Chest wall giant lipoma with a thirty-year history
Giovanni Leuzzia,*, Alfredo Cesarioa,b, Anna Mariantonia Parisiaand Pierluigi Granonea
aDepartment of Thoracic Surgery, Sacred Heart Catholic University, Rome, Italy
bIRCCS San Raffaele Pisana, Rome, Italy
* Corresponding author. Department of Thoracic Surgery, Università Cattolica del Sacro Cuore Largo F. Vito n 1, 00168 Rome, Italy. Tel: +39-06-30156353; +39-
34-88893788; e-mail: email@example.com (G. Leuzzi).
Received 14 February 2012; received in revised form 13 March 2012; accepted 22 March 2012
Benign chest wall tumours are very uncommon and chest wall lipomas are rarely reported in literature. We report herein a case of a
68-year old man who developed a giant, symptomless mass of the chest wall. A chest computed tomography scan evidenced a solid
neoplasm measuring 27 cm in its major axis. A radical excision was performed and the histology was consistent with lipoma. To our
knowledge, this is the first case reporting a giant lipoma of the chest wall with a thirty-year history.
Keywords: Lipoma • Chest wall tumour • Liposarcoma
Benign chest wall tumours (BCWT) are very uncommon and
chest wall lipomas are rarely reported in literature. We herein
report a case of a giant, symptomless lipoma of the chest wall
developed over a period of thirty years.
A 68-year-old caucasian man developed, in over thirty years
of progressive enlargement, a giant, symptomless mass of the
chest wall [Fig. 1(A)]. His medical history included coronary
artery disease treated by percutaneous transluminal coronary
angioplasty in 2006. Laboratory data and tumoral biomarkers
were within normal limits. A computed tomography (CT) scan
of the chest evidenced a solid neoplasm measuring 27 cm in
its major axis, apparently originating from the left serratus
anterior muscle. The mass showed a homogeneous fat density
with spotted areas of calcification. No direct signs of chest
wall invasion were detected [Fig. 1(B) and (C)]. Based upon the
radiological findings, the possible diagnoses were those of a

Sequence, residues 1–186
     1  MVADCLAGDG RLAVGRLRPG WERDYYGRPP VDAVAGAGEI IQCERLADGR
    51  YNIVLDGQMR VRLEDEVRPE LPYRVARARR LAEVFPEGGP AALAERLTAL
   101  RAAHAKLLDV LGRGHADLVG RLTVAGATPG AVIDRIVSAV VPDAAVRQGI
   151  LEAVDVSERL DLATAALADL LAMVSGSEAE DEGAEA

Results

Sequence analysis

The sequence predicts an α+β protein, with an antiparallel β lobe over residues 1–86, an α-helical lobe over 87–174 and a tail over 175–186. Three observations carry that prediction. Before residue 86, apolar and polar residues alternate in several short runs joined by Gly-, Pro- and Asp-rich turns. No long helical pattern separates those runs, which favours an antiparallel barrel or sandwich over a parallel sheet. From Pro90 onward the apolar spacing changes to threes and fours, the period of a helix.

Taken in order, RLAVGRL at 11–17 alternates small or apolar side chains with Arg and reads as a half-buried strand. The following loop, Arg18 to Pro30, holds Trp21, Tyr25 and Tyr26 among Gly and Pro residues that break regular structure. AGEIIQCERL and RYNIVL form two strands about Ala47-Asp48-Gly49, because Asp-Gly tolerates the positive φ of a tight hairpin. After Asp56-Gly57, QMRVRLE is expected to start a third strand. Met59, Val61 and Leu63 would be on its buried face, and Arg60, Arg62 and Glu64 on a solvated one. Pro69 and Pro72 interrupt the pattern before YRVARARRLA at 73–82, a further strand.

lipoma or liposarcoma. Given the foreseeable resectability of
the mass, no biopsy was undertaken and a radical excision
was indicated and performed. Intraoperatively, the mass
was confirmed not to be infiltrating the chest wall, nor was
any regional involvement evident. At final pathology, the
tumour measured approximately 26 × 16 × 21 cm and weighed
4,570 g [Fig. 2(A)]. The histology was consistent with lipoma
(well-encapsulated adipose tissue with fat necrosis areas, fibrosis
and calcification) [Fig. 2(B)]. The patient’s postoperative course
was good; he was discharged in the third postoperative day and,
one year after surgery, as expected, there is no evidence of
BCWT may originate from vascular, peripheral nerve, osseous,
cartilaginous, or adipose tissue and are very rare lesions. In the
literature, few research studies of this group of tumours have
been reported. In particular, the imaging features of BCWT are
non-specific: only combination of imaging appearance, location
and clinical information may suggest a diagnosis .
Chest radiography can be used to determine the location,
size, and growth rate of the mass. However, CT enables a more
accurate assessment of tumour morphology, composition, loca-
tion and extent .
In the case we report, CT scan evidenced a solid neoplasm
with homogeneous fat density with spotted areas of calcification.
According to these radiological features and the absence of signs
of chest wall invasion, we did not perform a fine needle aspir-
ation biopsy preoperatively and a radical excision was indicated
Generally, chest wall lipomas occur in obese patients who are
50–70 years of age and, in most cases, are deep lesions, larger
and less well circumscribed than subcutaneous ones . In our
case, the patient was 68 years old and the tumour (an extremely
large mass measuring 27 cm in its major axis) apparently origi-
nated from the left serratus anterior muscle. Moreover, the
capsule was difficult to see clearly on CT scans.
In conclusion, chest wall giant lipomas are rarely reported in
the literature . To our knowledge, this is the first case reporting
© The Author 2012. Published by Oxford University Press on behalf of the European Association for Cardio-Thoracic Surgery. All rights reserved.
Interactive CardioVascular and Thoracic Surgery 15 (2012) 323–324
doi:10.1093/icvts/ivs159Advance Access publication 15 May 2012
CASE REPORT - THORACIC
a giant, symptomless lipoma of the chest wall developed over a
Conflict of interest: none declared.
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Figure 1: (A) Preoperative appearance of the chest wall mass. (B–C) Chest CT
scan evidenced a solid neoplasm measuring 27 cm in its major axis, appar-
ently originating from the left serratus anterior muscle. The mass showed a
homogeneous fat density with spotted areas of calcification. No direct signs
of chest wall invasion were detected.
Figure 2: (A) Macroscopic aspect of giant lipoma. The tumour measured ap-
proximately 26 × 16× 21 cm and weighed 4,570 g. (B) Final pathology con-
firmed a lipoma (well-encapsulated adipose tissue with fat necrosis areas,
fibrosis and calcification).
G. Leuzzi et al. / Interactive CardioVascular and Thoracic Surgery